1947: Tough at the top

Game Thomas,ARB- Kitto,FEA,WECU Championship 1947

Tough at the top

This game is from the second West of England Chess Union Championship, played under the auspices of the new Union over 50 years ago. The notes are taken from a tiny booklet which contains all 28 games played by the eight players involved in the 1947 Championship.  Thomas won with 51/2 points, ahead of Kitto and Mallison on 4. All the games were annotated by Capt. P.D. Bolland, the then Somerset Champion. 

Thomas had been picked to play for England around this time, but his Headmaster at Blundell’s School would not permit him the time off, a fact that caused him much regret for the rest of his life. Thomas had a weakness for unconventional openings, as exemplified here by his choice of the Evans Gambit in a competition like this where there are no easy opponents. 

— Bob Jones, WECU Secretary, in Westward Ho!

Evans Gambit

1. e4 e5 2. Nf3 Nc6 3. Bc4 Bc5 4. b4 Bxb4 5. c3 Ba5 6. d4 d6 7. Qb3 Qd7 8. dxe5 Bb6 9. Bb5 a6 10. Ba4 Nge7 11. Ba3 0–0 12. exd6 Ng6 13. 0–0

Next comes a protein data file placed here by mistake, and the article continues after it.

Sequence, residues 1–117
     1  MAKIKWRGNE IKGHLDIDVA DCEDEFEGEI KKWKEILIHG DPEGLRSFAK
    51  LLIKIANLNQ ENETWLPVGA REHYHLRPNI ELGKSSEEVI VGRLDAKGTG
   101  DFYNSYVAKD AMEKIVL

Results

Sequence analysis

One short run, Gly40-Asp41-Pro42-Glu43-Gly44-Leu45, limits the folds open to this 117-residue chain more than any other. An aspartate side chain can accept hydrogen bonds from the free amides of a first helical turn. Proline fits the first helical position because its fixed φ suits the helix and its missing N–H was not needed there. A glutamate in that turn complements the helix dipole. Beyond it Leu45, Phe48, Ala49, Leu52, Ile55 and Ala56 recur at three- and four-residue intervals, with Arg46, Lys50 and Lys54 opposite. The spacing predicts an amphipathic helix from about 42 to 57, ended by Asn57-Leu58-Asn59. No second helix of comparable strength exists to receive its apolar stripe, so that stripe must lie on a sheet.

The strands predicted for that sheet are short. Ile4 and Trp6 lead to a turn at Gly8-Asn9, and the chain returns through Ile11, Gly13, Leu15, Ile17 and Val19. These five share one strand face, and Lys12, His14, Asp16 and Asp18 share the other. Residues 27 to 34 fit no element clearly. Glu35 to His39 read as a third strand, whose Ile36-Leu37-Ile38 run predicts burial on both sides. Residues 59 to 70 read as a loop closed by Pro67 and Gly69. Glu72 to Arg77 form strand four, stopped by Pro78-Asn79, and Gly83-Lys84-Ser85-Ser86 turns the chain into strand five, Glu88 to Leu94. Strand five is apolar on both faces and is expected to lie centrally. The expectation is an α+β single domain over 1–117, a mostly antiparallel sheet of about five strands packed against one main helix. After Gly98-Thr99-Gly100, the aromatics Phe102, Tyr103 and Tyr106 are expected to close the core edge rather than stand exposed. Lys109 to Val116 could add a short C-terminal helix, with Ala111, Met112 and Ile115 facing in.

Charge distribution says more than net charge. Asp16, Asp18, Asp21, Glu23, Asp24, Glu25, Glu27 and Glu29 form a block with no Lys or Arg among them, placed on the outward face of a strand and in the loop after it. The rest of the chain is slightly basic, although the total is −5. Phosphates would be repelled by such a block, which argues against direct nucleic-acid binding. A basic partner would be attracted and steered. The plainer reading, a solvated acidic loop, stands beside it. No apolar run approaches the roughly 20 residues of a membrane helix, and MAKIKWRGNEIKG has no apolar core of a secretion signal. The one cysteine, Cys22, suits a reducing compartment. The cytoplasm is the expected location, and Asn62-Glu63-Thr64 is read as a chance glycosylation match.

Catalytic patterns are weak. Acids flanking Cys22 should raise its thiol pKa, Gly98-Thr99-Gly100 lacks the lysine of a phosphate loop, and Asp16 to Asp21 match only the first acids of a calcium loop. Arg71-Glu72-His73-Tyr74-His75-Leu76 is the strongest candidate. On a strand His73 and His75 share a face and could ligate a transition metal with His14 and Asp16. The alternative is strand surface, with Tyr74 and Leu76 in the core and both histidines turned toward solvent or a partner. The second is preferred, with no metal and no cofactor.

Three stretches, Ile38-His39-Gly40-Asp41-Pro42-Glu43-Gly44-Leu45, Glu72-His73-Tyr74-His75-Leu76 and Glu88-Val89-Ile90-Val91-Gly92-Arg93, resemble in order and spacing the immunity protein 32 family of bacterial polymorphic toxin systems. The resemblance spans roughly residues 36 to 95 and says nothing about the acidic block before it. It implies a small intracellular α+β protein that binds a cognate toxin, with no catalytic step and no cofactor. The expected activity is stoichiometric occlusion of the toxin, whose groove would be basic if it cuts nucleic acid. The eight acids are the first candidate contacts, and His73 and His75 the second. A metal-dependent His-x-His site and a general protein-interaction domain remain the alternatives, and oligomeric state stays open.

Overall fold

[FEN "r1b2rk1/1ppq1ppp/pbnP2n1/8/B3P3/BQP2N2/P4PPP/RN3RK1 b - - 0 13"]

Asking for trouble and getting it.  Nbd2 is the move. 

13...Qg4 14. Bxc6 Nf4 15. Ne1 Nh3+ 16. Kh1 Qe2 17. Nd2 Qxd2

...bxc6 is correct, leaving White with the awkward threats of Qxd2 and Nxf2+ to meet as best he can.  Now the game goes in White's favour. 

18. Bd5 Nxf2 19. Rxf2 Qxf2 20. Nd3 Qe3 21. dxc7 Bh3 22. Qc2 Bxc7 23. Re1 Bxg2+ 24. Kxg2 Qg5+ 25. Kh1 Rfd8 26. Qg2 Qh5 27. Rf1 Rxd5 28. exd5 Bxh2 29. Qf3 Qxf3+ 30. Rxf3 Bc7 31. d6 Ba5 32. c4 f6 33. Re3 Bd8 34. Re8+ Kf7 35. d7 resigns 1-0

[FEN "r2bR3/1p1P1kpp/p4p2/8/2P5/B2N4/P7/7K b - - 0 35"]

A thrilling game worthy of both players. 

[Notes by PD Bolland]

Chess Quotes

"When it is so freely asserted that Morphy's style was all genius and inspiration ... Morphy possessed that most profound book knowledge of any master of his time, and never introduced a single novelty, whereas since his day the books have had to study the players...

 We may all learn from Morphy and Anderssen how to conduct a King's side attack, and perhaps I myself may not have learnt enough.

— Wilhelm STEINITZ